Assignment 2: Parser
Due: class time (2:50 pm), Thursday, February 11.
Project 2 is to build a parser for Appel's Tiger language using
The Tiger language is defined in Appendix A of the course textbook.
Documentation on ML-Yacc is available on the class web page, and also
(in less detail) in chapters three and four of the textbook.
Your parser should produce an abstract syntax tree using the
datatypes defined in the Absyn structure defined in the file
Skeleton files to get you started are available in the
$TIGER/chap3/ and $TIGER/chap4/ directories, which you can find at
Appel's textbook homepage. In particular, these files will be useful:
Remember to update your sources.cm file. Be certain to add
ml-yacc-lib.cm to it, in addition to any other new
files you are using. You'll want to remove
tokens.sml from it,
because a tokens file will be automatically generated by ml-yacc now.
Also, you'll need to update some header information in your lex file—see
the end of chapter 3 for details.
You should submit:
- A tiger.grm file, the ML-Yacc source for your parser.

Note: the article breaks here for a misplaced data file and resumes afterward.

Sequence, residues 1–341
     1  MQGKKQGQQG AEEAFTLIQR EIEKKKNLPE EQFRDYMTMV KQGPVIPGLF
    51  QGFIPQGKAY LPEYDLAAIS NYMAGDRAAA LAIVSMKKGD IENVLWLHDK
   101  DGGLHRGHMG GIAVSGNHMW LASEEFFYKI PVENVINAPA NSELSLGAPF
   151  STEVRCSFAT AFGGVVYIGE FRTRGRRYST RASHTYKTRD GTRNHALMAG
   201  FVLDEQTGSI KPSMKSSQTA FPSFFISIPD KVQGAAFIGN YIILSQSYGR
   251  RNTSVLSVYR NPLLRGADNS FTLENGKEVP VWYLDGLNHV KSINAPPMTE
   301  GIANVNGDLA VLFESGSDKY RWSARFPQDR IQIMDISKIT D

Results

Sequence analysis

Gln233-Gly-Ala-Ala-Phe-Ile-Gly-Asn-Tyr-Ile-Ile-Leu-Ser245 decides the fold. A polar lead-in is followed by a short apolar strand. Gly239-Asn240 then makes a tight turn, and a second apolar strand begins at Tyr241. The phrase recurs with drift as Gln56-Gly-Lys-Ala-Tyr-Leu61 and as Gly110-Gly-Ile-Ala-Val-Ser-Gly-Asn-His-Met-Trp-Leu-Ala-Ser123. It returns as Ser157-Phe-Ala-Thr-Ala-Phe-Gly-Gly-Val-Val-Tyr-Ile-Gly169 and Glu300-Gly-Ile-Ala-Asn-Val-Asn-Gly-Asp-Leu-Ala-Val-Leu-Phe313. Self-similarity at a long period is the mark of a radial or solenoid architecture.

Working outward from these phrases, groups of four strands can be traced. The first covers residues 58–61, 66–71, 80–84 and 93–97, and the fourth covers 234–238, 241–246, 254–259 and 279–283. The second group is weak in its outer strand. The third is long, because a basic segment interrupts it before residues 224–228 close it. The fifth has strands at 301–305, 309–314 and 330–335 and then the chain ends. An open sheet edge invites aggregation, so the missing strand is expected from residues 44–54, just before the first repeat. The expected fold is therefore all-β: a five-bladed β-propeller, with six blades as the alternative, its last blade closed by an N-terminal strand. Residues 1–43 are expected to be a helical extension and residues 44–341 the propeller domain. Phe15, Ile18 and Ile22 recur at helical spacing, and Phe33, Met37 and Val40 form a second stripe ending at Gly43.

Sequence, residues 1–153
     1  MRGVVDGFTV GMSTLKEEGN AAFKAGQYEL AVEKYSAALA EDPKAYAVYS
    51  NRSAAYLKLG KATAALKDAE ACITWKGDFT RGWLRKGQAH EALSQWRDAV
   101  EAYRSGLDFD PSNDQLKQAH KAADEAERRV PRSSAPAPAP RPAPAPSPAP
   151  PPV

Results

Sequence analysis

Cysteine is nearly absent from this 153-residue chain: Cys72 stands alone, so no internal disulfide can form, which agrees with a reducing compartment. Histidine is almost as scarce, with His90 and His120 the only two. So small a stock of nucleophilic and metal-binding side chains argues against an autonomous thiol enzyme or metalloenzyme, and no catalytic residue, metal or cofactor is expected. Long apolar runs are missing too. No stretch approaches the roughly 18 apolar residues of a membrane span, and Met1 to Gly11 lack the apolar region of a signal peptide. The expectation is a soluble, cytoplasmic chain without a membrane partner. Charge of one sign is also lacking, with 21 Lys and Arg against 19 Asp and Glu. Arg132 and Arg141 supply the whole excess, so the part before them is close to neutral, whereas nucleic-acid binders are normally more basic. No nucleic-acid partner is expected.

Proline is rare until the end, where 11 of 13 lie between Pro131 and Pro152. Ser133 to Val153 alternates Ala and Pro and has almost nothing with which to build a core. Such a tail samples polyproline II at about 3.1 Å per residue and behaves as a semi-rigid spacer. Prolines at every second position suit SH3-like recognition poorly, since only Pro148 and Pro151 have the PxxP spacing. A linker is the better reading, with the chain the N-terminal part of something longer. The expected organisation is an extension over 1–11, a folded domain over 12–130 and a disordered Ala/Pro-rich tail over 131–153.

- Any other source files you wrote to support your parser.
- A text file describing:
- The members of your team
- How you handled each shift-reduce conflict, and why you
think it is correct
- Anything you think is of interest about your parser
Anything subtle about your grammar, such as ambiguity resolutions
of various kinds, should be clearly commented. You knew that, of
Your parser should use the same error-reporting machinery you
employ in your lexer.
Words to the wise:
- Make no attempt to write the ML code for the semantic actions that
construct the AST when you start. Your first task should be to simply
write the grammar to parse the concrete syntax; just have each rule
produce the unit value ().
- Once your grammar is able to parse all of the test files in
$TIGER/testcases, then add semantic actions to the grammar to
construct the AST while parsing tiger source code.
- I estimate writing the grammar was about 2/3 of the time I spent
writing the parser; adding the semantic actions was about 1/3 of the
- You may find it helpful to write tiny toy grammars to explore
ideas. I did.
- If you don't understand how shift/reduce parsers work, and can't
figure out the table information left in the tiger.grm.desc file by
ML-Yacc, you are going to be in a world of pain.
- Be warned that there are some grammatically tricky bits to the
grammar that will require some thinking. I tried four different
grammars before I settled on my final solution. Had I been smarter,
I'd have thought more and hacked less.
- Is your LR parser efficiently parsing lists of arbitrary length
(e.g., declarations, or expression sequences)?
- Did you report the locations of syntax errors properly?
See the course text for more information, in particular chapters
three and four and appendix A.
Good luck; have fun.